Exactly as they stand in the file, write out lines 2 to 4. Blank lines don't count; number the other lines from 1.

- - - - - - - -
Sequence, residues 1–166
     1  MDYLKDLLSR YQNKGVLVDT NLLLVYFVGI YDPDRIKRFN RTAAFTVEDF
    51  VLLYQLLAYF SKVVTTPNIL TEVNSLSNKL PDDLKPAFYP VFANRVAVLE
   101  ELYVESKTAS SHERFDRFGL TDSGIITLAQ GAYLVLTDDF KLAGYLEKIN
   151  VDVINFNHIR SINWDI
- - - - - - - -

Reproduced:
     1  MDYLKDLLSR YQNKGVLVDT NLLLVYFVGI YDPDRIKRFN RTAAFTVEDF
    51  VLLYQLLAYF SKVVTTPNIL TEVNSLSNKL PDDLKPAFYP VFANRVAVLE
   101  ELYVESKTAS SHERFDRFGL TDSGIITLAQ GAYLVLTDDF KLAGYLEKIN